Helmut Schmidt won, so why is he unhappy?
West German Chancellor Helmut Schmidt, with a fresh mandate of a 45-seat majority in parliament, is down in the dumps. Opposition leader Helmut Kohl, whose party just made the worst showing in postwar history, is riding high.
This is one of those paradoxes that confound outside observers. And its irony is heightened by the conservative opposition's choice of this twilight period in East-West detente to approve, finally, the decade-old West German government policy of detente.
Blame it all on the end of West Germany's economic miracle, perhaps, and the drying up of extra money to pay for new social reforms or even all the old social welfare. Or blame it on unrealistic popular expectations of what the government can do -- and on crisis-manager Schmidt's plain speaking about the limits to what he can do.
Or blame it on the fact that Mr. Schmidt's October electoral gains were really won by the junior coalition party, the Liberals, and schmidt has therefore had to veer more toward the Liberals in labor-relations issues and away from his longtime trade-unions allies.
Whatever the cause, the ruling Social Democrats' malaise surfaced with Schmidt's keynote address to the Bundestag on Nov. 24. It was a laundry list of government policies -- and nothing more. The German press panned it and speculated about the chancellor's "loss of authority."
Dr. Kohl (to good press reviews) charged that it failed to give the country "intellectual leadership." Even Schmidt's Social Democratic Party (SPD) colleague and ex-Chancellor willy Brandt warned that "those who bear political responsibility must remain open to new ideas."
The Young Social Democrats -- who during and since the election have been forced by their parent party to restrain their activist leftist enthusiasms -- stewed and said as little as possible about the speech.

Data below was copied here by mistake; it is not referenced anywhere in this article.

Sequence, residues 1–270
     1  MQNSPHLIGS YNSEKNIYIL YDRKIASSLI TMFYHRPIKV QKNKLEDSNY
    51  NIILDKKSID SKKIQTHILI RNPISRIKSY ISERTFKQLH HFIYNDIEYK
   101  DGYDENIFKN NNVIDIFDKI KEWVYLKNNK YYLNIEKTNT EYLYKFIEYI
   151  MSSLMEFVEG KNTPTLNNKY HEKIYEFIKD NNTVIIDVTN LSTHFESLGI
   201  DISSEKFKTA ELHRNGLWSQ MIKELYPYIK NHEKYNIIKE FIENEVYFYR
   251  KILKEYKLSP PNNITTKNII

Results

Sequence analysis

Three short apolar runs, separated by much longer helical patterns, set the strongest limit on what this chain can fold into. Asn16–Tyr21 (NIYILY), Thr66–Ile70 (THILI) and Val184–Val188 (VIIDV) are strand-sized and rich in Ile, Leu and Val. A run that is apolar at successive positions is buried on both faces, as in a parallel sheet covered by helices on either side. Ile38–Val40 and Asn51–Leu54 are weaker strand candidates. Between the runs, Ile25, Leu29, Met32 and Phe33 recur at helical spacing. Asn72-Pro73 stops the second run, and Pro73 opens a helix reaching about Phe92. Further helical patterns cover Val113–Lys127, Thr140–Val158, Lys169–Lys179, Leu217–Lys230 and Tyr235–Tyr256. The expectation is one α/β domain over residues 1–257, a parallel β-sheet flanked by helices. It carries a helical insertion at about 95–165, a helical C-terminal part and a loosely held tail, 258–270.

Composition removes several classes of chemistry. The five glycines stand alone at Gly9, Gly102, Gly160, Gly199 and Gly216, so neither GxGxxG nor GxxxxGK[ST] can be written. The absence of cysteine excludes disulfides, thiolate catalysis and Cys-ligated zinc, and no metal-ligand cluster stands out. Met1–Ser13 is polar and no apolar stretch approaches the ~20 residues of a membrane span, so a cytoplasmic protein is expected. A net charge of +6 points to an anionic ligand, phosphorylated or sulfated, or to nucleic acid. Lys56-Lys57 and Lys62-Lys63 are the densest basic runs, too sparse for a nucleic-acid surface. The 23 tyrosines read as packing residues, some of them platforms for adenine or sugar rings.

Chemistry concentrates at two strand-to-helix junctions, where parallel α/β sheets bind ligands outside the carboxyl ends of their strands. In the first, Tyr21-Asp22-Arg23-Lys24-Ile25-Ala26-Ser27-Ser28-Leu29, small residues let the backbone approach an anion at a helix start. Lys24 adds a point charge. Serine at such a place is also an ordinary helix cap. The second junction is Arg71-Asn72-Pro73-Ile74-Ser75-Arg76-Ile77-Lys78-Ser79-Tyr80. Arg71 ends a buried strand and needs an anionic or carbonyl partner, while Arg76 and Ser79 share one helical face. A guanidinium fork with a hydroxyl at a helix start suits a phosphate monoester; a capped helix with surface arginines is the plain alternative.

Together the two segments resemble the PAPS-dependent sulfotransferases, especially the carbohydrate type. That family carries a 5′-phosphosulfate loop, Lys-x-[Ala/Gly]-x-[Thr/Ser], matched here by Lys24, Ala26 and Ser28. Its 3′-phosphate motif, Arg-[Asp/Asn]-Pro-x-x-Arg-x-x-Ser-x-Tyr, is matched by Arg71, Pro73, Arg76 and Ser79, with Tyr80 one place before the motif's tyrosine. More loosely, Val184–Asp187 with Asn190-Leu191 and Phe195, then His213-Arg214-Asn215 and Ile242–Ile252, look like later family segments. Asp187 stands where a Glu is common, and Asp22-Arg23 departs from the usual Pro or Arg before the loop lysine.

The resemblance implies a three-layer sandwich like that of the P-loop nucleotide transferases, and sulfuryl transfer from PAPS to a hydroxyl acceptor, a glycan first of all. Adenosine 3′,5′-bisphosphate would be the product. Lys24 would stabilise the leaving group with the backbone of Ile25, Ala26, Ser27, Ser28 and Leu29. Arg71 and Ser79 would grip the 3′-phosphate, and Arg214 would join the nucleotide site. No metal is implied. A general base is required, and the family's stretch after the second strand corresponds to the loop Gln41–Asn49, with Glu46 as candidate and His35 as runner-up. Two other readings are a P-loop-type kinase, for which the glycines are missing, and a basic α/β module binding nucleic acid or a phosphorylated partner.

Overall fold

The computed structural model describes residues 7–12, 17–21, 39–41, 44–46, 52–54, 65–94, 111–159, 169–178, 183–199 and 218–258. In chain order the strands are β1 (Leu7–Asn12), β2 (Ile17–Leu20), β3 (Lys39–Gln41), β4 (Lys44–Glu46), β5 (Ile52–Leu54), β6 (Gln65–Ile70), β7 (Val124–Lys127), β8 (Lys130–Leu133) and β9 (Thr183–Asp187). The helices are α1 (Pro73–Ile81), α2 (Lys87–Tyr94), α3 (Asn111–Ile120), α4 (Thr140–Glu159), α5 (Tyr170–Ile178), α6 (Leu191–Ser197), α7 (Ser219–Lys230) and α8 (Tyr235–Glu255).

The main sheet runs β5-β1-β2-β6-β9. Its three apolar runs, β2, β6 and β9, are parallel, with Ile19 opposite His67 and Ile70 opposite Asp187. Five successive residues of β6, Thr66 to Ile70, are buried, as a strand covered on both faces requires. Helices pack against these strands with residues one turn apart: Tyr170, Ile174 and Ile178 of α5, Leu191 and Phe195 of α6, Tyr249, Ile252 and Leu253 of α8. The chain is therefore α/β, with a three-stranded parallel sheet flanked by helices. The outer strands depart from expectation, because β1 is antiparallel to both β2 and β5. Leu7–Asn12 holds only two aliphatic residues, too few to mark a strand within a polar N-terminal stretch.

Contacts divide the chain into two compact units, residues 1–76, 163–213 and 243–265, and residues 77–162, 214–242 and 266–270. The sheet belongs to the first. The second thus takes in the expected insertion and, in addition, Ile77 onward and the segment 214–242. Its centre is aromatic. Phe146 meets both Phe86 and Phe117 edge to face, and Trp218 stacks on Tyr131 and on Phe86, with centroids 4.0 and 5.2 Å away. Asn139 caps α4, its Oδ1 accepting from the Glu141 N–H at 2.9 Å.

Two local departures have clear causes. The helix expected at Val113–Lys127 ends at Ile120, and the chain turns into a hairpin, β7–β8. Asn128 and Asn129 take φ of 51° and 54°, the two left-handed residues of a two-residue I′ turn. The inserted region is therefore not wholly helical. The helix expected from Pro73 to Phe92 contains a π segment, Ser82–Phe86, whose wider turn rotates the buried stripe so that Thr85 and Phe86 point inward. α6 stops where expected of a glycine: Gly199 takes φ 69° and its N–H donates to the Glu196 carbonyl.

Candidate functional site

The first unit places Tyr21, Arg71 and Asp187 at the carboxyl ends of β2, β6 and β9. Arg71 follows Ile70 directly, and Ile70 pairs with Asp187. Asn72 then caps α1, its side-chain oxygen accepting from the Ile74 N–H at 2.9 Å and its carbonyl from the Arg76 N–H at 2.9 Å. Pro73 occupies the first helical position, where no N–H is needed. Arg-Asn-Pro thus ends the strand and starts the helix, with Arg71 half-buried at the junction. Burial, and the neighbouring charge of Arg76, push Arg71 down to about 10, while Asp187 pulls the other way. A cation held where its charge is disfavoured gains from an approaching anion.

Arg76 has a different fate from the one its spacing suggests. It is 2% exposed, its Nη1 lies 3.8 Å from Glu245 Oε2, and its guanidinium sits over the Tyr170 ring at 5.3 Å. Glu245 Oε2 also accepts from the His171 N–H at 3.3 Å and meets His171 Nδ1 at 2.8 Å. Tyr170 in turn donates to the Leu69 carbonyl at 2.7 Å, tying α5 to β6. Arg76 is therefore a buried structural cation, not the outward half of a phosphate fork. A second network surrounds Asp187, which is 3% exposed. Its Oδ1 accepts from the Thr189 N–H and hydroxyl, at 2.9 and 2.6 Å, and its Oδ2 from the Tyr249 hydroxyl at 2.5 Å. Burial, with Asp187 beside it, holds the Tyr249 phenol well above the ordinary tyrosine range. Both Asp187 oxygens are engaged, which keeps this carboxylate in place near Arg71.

In the chancellery a "melancholy" Schmidt was overheard wondering if he would last until Easter -- or so the news magazines reported. (A few skeptical observers noted that Schmidt has been saying he was going to resign ever since he was finance minister, however, and Schmidt himself finally shot down the report after letting it float for a week or so.)
In any case, at least some of the Social Democratic gloom seems to partake of the old Chinese supertistion of not saying aloud how well things are going for fear of drawing evil spirits' attention and attacks. Fickle moods are probably a less-reliable barometer of current politics than is the conservative Christian Democrats' (CDU) embrace of SPD-Liberal detente.
This turnabout was conspicuous in the parliamentary reply of CDU chairman Kohl to Schmidt's government declaration. In his speech Mr. Kohl went well beyond the Conservatives' previous grudging pledge simply to honor binding international East-West treaties if it came to power. More warmly, Mr. Kohl said that the various detente treaties are important components of West German foreign policy. Kohl also effectively buried the Conservatives' campaign alarms about a "Moscow faction" in the SPD.
What changed Kohl's mind about detente -- in an unpropitious year of a Soviet occupation of Afghanistan and threat to occupy Poland -- was the resounding defeat of the West German Conservatives in the October election. The voters rejected chancellor candidate Franz Josef Strauss, head of the CDU's more conservative Bavarian partner, the Christian Social Union -- and with him they rejected a right-wing alternative to the present middle-of-the-road consensus.
The axiom of German politics of the past quarter century was once again proved: Neither of the large parties can attain a majority without allying with the small, pivotal Liberals. The only way the Conseratives can win back the government and power that has eluded them for the past 11 years is to woo the Liberals away from the Social Democrats --to become more middle-of-the-road themselves. Hence the belated shift to favor detente.
Not all Conservatives agree with this shift. Mr. Strauss's CSU still holds to its old suspicions of detente. So do some CDU members like defense spokesman Manfred Woerner.
The conciliatory main line has been set forth by Kohl, however -- and it will mean an easier time for the Social Democrats in foreign policy, despite their gloomy mood.